It’s a red Christmas here at HH, and for this week’s feature I managed to find what is quite possibly the only yuletide horror movie in all of Japan. From the third installment in the Horror Theater series comes The Present. This forty-five minute short film, directed by Yudai Yamaguchi (Meatball Machine, Deadball), is a fairly standard take on the horror formula: kids party, kids have sex, kids get brutally murdered one by one. The effects are decent but the movie suffers from mediocrity; this one can be a bit gruesome in parts, but it’s certainly not enough to shock veterans of the genre.
Sadly, none at all. A shame too, given the attractive cast.
Quite a lot of dismemberment and blood. Santa’s got a thing for organ harvesting too, so expect to see some guts.
Low. The actor plays the part well enough, but what can I say — an expressionless fat guy in a red coat just doesn’t really scream “terrifying” to me.
Our story opens with a sweet little girl, Yuko, waking after a terrible nightmare. It’s Christmas Eve, and while her parents comfort her, they ominously tell her that she’s a good girl, which is great, because if you’re bad, Santa will get you. Which some of you might say hey, I recognize this – it’s the story of Krampus, right? A freakish demon murdering people on Christmas? Sounds promising, right?
Nope, no mention of Krampus in this film. No, it’s the rosy-cheeked St. Nick who does both jobs in this movie. Also I don’t think Krampus had a murder basement where he scooped out people’s insides. Or put funny hats on the corpses afterwards.
Shit, even if I was a “good” kid I wouldn’t want this psycho anywhere near me.
We skip ahead to see a now grown Yuko planning a night out (again, Christmas Eve) with friends. She hooks up with her crush Ryosuke and the two do a bunch of shy, awkward smiling (aka, Japanese foreplay) before the group decides to move the party to a local hotel. There, Yuko starts bugging out, seeing signs of that old nightmare which plagued her as a child. Nevertheless, she doesn’t let it stop her from getting her freak on. She and Prince Charming wake up Christmas morning to the sounds of death, and what follows is predictable: they run, they’re captured, they die. Oh, and Ryosuke stops to puke in every other scene.
Also, he’s really good at hiding behind the girls. Can’t imagine why this stud didn’t make it to the end of the film.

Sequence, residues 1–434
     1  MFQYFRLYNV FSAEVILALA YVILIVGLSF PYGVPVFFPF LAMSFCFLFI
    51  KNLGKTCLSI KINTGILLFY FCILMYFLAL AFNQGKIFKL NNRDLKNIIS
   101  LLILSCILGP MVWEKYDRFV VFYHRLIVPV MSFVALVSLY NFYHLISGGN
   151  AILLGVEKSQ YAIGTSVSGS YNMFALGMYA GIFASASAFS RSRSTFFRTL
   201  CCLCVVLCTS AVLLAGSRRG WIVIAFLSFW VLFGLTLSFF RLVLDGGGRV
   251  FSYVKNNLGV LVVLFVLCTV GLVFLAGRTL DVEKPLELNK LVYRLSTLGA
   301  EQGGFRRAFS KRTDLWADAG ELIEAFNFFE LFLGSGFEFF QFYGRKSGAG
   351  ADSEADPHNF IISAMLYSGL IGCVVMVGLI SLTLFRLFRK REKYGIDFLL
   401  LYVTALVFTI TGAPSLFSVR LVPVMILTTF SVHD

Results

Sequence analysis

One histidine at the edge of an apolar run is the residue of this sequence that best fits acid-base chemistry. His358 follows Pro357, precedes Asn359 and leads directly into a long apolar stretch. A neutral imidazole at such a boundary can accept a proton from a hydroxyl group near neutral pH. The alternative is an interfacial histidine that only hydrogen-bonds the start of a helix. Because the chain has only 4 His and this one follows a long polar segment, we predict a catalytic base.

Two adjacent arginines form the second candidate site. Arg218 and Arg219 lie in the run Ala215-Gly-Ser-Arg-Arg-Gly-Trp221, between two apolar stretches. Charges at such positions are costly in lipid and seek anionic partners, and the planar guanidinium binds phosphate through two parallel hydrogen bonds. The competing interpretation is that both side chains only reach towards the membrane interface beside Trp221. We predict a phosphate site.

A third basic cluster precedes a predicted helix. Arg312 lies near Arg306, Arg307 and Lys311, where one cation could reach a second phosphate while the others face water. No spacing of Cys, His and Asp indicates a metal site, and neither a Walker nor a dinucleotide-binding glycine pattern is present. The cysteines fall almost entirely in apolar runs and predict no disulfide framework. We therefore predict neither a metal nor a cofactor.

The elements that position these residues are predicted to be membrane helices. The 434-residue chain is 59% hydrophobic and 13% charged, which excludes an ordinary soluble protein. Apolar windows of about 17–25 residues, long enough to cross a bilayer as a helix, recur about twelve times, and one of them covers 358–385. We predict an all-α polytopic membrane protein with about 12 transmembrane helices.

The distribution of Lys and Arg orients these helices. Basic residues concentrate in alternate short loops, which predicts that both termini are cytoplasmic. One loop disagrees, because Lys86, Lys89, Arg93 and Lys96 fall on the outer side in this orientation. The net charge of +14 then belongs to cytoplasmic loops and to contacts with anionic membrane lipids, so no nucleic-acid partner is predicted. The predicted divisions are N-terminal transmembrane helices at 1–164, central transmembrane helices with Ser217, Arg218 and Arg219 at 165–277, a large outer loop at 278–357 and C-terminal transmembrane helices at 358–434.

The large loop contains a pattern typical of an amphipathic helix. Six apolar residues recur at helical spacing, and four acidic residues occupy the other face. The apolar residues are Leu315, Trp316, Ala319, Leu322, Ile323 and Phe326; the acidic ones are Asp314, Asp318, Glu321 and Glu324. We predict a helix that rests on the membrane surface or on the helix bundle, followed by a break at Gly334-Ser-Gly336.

Yuko is obviously the last woman standing, as she’s chased down by Santa and cornered in the end. Championed earlier in the film for her “pureness,” we get the reveal: Yuko was never pure at all! Nope, her seduction of Ryosuke was carefully planned from the beginning. Because remember ladies, if you want and pursue sex, it means you’re a “bad girl.”
And then Santa will rip your arms and legs off. Which, let’s face it, is still better than what they tell you in Catholic school.
Santa “kills” her and then oops – it was all a dream. Or a dream within a dream. Or something. The ending is a little messy, both figuratively and metaphorically.
“Damn. Maggots in the jam again.”
The effects aren’t bad, but I feel the director relied too much on low lighting in some of the gorier scenes, most likely to cover up the fake look of some of the body parts (which is evident in some of the close-up shots). Still, the gore is the most enjoyable part of this film, next to the wooden acting and uninspired plot. I do enjoy a good slasher flick, regardless of how formulaic the story may be; however if you’re going to do something that’s been done so many times, you have to spice it up with something fun, like say, creative death scenes for instance. This movie just plodded along with some payoff in that department, but not much. After the second or third leg was torn off, I found myself bored.
The cat was also unimpressed.
Fans of director Yamaguchi may want to check this one out; it’s not his best work, but again, it’s not terrible either. There are a couple of scenes I found funny as well, though to be honest it’s hard to say whether they were intentional or not. The film also features seasoned actor Takamasa Suga, whom some of you may remember as suave businessman Nosaka from Dead Sushi. As for everyone else: skip it. You’re better off spending your time watching Versus again.
Score: 6/10, not bad, but finding this one under the tree would be a disappointment
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Categories: asian horror